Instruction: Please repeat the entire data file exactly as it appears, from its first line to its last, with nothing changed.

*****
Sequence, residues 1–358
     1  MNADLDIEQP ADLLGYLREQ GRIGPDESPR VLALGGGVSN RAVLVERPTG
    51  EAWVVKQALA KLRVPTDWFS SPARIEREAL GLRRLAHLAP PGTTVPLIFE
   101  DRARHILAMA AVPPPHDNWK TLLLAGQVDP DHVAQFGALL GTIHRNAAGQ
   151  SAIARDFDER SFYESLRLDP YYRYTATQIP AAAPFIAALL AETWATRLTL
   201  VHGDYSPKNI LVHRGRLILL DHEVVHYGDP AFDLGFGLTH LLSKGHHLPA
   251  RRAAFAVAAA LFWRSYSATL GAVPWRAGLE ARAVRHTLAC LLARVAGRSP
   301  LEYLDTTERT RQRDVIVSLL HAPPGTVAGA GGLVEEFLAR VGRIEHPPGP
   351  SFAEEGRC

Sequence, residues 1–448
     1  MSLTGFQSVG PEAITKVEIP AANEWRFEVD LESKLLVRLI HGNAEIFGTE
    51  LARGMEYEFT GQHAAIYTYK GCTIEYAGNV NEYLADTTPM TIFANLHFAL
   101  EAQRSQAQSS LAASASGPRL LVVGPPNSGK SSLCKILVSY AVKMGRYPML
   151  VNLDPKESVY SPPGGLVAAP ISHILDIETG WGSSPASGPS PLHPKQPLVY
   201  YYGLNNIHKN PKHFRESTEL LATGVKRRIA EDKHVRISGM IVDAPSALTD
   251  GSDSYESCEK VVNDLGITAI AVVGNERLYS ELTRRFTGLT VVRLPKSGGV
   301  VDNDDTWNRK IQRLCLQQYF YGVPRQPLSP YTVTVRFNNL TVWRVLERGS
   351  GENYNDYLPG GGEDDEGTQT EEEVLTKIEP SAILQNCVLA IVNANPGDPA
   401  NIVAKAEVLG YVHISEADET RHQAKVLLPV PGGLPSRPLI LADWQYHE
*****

Sequence, residues 1–358
     1  MNADLDIEQP ADLLGYLREQ GRIGPDESPR VLALGGGVSN RAVLVERPTG
    51  EAWVVKQALA KLRVPTDWFS SPARIEREAL GLRRLAHLAP PGTTVPLIFE
   101  DRARHILAMA AVPPPHDNWK TLLLAGQVDP DHVAQFGALL GTIHRNAAGQ
   151  SAIARDFDER SFYESLRLDP YYRYTATQIP AAAPFIAALL AETWATRLTL
   201  VHGDYSPKNI LVHRGRLILL DHEVVHYGDP AFDLGFGLTH LLSKGHHLPA
   251  RRAAFAVAAA LFWRSYSATL GAVPWRAGLE ARAVRHTLAC LLARVAGRSP
   301  LEYLDTTERT RQRDVIVSLL HAPPGTVAGA GGLVEEFLAR VGRIEHPPGP
   351  SFAEEGRC

Sequence, residues 1–448
     1  MSLTGFQSVG PEAITKVEIP AANEWRFEVD LESKLLVRLI HGNAEIFGTE
    51  LARGMEYEFT GQHAAIYTYK GCTIEYAGNV NEYLADTTPM TIFANLHFAL
   101  EAQRSQAQSS LAASASGPRL LVVGPPNSGK SSLCKILVSY AVKMGRYPML
   151  VNLDPKESVY SPPGGLVAAP ISHILDIETG WGSSPASGPS PLHPKQPLVY
   201  YYGLNNIHKN PKHFRESTEL LATGVKRRIA EDKHVRISGM IVDAPSALTD
   251  GSDSYESCEK VVNDLGITAI AVVGNERLYS ELTRRFTGLT VVRLPKSGGV
   301  VDNDDTWNRK IQRLCLQQYF YGVPRQPLSP YTVTVRFNNL TVWRVLERGS
   351  GENYNDYLPG GGEDDEGTQT EEEVLTKIEP SAILQNCVLA IVNANPGDPA
   401  NIVAKAEVLG YVHISEADET RHQAKVLLPV PGGLPSRPLI LADWQYHE